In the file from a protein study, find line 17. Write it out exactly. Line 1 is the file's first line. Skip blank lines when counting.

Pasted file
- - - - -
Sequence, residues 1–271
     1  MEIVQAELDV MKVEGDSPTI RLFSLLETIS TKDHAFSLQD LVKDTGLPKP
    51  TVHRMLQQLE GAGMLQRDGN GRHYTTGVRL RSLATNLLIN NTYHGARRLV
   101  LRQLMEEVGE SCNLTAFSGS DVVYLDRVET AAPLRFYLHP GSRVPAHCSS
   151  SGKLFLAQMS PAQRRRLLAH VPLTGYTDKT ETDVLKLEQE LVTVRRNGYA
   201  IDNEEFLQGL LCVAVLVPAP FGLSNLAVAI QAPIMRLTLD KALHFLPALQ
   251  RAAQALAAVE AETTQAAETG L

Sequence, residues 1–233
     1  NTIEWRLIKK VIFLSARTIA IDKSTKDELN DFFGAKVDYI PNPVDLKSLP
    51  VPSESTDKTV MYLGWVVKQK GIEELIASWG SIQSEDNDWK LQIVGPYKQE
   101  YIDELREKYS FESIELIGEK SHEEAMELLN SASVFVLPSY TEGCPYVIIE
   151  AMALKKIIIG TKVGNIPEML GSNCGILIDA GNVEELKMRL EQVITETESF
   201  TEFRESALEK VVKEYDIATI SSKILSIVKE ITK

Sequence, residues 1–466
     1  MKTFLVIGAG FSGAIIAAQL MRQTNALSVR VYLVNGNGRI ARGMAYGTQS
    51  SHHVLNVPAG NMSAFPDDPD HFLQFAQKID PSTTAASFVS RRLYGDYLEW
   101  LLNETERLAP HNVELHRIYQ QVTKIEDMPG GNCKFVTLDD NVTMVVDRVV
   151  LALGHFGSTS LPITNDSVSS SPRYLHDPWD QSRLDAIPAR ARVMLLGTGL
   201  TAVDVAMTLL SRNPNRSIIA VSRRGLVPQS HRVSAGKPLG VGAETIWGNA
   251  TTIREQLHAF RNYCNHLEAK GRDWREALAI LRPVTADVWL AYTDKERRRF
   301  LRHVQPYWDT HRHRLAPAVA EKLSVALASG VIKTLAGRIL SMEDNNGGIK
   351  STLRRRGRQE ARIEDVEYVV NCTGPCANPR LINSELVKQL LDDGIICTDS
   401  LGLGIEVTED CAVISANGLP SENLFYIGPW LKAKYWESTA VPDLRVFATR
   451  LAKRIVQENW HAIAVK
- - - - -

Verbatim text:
   101  LLNETERLAP HNVELHRIYQ QVTKIEDMPG GNCKFVTLDD NVTMVVDRVV